Spurred by greater-than-expected public attention, Germany’s coalition government has shown strong interest in the OECD BEPS project. A verbal commitment to the 15-point OECD BEPS Action Plan has been made. The Ministry of Finance has specified as central objectives the adequate taxation of multinational companies, the prevention of non-taxation or low taxation, and the involvement of emerging and developing countries in the OECD process. Because Germany already has extensive anti-avoidance laws, reform is not expected to be disruptive.
Media coverage has made the tax affairs of multinational corporations a public issue. While media coverage and public anger toward tax evasion has somewhat abated, multinational companies that pay minimal tax in Germany continue to receive negative publicity.
Tax authorities have become much more aware of, and active in, their audits of international transactions. Key issues are combating perceived aggressive tax planning, strengthening transparency between different tax authorities and improving the coordination of national tax regimes, as authorities cooperate not only across different German regional offices but also across international borders with neighboring tax authorities, for example, in France and Austria. The German Ministry of Finance hosted the October 2014 conference on tax transparency and fairness at which 50 states signed the multilateral agreement on the automatic exchange of tax information.
Auditors are paying more attention to issues that are also being discussed at the OECD, such as PE or hybrid mismatches. Stricter audits may also be encouraged by a government that wants to maximize revenues. Whatever the motivation, certain structures that were not questioned 5 years ago are now subject to challenge from the tax authorities.
Tax controversy and disputes have risen accordingly. While rising public attention to tax has not influenced the courts’ objectivity in deciding BEPS-related issues, the courts’ stance toward issues in this area could change in the future.
CbyC reporting is one area where German enthusiasm for the BEPS project has waned in the past year. In light of the high volume of activity of German multinationals in the BRICs (Brazil, Russia, India and China) and other emerging countries, there are fears that the CbyC reports could cause the tax authorities in these markets to pursue a greater share of tax. Nevertheless, Germany continues to show constructive engagement in the development of these proposals.
Corporations in Germany have become much more aware of the risks associated with strategies such as the use of hybrid structures. If these structures are already in effect and being employed in accordance with current regulations, for the most part they are being left in place as corporations await the details of possible refinements to domestic law in response to the OECD proposals. Companies that wish to implement new strategies and structures are waiting before committing themselves to anything that might have to be unwound.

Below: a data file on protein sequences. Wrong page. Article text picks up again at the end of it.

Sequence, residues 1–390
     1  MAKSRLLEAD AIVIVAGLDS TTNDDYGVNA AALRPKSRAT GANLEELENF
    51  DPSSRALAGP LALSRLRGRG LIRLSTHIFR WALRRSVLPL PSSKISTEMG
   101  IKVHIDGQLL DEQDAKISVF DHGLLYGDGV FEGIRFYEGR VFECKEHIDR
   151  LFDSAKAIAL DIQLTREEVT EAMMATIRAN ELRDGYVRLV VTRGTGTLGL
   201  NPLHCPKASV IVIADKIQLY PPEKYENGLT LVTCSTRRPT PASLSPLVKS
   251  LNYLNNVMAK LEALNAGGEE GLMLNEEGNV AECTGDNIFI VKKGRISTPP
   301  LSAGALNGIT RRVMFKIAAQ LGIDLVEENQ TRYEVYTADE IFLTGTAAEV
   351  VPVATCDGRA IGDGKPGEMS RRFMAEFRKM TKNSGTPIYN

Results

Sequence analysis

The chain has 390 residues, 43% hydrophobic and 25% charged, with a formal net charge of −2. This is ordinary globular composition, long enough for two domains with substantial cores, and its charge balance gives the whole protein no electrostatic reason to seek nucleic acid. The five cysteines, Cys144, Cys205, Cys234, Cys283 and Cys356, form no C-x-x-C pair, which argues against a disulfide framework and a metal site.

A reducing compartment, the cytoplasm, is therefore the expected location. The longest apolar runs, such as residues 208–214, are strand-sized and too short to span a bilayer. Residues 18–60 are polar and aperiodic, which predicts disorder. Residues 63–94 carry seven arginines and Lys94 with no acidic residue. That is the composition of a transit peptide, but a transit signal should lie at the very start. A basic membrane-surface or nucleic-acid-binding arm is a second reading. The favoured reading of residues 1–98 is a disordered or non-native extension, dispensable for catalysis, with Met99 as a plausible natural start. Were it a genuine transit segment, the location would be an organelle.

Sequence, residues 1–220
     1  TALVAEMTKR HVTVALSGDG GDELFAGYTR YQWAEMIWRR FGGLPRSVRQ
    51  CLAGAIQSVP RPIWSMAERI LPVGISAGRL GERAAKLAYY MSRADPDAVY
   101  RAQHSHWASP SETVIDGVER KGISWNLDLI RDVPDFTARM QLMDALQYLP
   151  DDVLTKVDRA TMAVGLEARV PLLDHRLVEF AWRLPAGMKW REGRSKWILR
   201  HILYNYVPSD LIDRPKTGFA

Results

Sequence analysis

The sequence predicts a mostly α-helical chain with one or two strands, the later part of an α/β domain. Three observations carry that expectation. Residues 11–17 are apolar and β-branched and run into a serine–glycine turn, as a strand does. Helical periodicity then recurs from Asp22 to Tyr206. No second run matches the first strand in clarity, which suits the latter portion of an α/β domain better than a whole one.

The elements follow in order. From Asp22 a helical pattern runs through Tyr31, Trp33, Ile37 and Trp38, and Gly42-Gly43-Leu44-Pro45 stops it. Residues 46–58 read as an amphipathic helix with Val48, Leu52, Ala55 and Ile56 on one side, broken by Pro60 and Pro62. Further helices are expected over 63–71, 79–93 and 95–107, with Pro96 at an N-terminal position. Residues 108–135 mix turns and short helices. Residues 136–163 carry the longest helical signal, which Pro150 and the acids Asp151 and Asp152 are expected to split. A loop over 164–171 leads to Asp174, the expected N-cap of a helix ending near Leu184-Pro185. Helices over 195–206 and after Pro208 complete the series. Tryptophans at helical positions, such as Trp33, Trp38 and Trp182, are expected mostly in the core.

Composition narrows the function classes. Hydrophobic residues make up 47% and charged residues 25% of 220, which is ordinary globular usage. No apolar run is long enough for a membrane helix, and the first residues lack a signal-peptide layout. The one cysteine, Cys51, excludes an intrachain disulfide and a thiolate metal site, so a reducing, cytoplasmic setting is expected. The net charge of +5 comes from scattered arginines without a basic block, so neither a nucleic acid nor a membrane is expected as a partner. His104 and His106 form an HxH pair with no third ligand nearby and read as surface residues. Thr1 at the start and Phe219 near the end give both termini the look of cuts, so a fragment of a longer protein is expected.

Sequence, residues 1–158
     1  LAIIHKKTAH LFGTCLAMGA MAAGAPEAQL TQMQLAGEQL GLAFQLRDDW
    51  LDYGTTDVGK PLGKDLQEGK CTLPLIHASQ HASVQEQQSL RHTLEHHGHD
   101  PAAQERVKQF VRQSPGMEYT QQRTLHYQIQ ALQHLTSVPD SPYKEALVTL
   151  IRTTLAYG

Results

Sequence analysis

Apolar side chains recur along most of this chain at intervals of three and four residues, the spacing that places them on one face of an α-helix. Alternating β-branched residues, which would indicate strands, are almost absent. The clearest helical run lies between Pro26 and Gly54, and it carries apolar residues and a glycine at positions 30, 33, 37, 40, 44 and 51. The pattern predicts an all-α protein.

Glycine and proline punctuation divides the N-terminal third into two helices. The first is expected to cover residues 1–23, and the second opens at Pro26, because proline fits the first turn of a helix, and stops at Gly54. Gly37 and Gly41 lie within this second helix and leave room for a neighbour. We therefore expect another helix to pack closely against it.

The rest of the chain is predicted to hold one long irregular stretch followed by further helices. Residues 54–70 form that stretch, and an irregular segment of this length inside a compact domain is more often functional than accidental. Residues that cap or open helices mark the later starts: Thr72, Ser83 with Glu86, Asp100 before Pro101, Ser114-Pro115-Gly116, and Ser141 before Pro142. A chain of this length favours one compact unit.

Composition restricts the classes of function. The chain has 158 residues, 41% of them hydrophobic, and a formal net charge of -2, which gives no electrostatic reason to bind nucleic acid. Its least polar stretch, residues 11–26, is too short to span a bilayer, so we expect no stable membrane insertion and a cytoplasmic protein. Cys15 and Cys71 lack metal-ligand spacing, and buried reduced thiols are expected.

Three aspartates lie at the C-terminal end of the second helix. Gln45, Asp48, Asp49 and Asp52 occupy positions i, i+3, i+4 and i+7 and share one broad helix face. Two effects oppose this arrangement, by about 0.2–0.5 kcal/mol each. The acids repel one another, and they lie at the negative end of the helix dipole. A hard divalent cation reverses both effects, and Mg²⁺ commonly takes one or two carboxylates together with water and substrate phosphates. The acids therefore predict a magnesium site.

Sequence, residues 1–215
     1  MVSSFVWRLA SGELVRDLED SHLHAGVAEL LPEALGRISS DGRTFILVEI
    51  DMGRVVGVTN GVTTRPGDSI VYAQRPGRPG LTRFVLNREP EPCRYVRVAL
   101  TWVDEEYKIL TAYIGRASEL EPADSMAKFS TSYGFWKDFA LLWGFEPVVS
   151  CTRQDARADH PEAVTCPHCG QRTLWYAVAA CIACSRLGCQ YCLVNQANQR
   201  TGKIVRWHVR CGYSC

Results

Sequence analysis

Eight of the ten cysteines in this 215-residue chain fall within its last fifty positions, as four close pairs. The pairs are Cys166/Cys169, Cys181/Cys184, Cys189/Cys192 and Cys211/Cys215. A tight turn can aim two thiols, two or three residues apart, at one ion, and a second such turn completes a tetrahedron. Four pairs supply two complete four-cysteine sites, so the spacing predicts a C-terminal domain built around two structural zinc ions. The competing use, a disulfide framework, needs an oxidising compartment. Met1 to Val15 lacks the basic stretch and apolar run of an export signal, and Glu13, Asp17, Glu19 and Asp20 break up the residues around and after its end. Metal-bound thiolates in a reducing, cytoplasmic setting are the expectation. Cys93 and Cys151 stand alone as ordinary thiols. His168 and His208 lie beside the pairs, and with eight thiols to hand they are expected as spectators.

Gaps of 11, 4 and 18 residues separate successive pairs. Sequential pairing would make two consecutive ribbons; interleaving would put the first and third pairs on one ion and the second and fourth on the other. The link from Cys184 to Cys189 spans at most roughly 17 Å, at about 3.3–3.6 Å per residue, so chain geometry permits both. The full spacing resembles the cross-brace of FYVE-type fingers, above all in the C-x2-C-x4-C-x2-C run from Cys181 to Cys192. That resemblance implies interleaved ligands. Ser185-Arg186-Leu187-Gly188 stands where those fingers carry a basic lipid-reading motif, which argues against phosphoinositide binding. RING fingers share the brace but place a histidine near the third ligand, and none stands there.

Germany already has anti-treaty shopping rules, CFC legislation and an anti-hybrid rule with a correspondence principle for dividends.
To date, unilateral measures have not been introduced in reaction to BEPS, but if BEPS and G20 initiatives are not realized by 2015, the government intends to introduce such measures.
A first legislative draft might be released at the beginning of 2016 implementing the anti-hybrid recommendations of the OECD and CbyC reporting.
International tax practitioners know that substance requirements are likely to be part of any reform package. In anticipation, they are examining structures to ensure that transactions are completed for sound business reasons.
As companies rethink their international tax strategies, public perception and reputational concerns will enter into consideration. Recent history shows that a great deal of damage can be done to a brand when the public reaction to certain practices is not accounted for.
Because of the political nature of these reforms and the OECD’s accelerated timetable, it is expected that rules will continue to be refined, challenged and changed. Companies must consider that a strategy that works for them today might not work in the future. A carefully planned exit strategy is essential.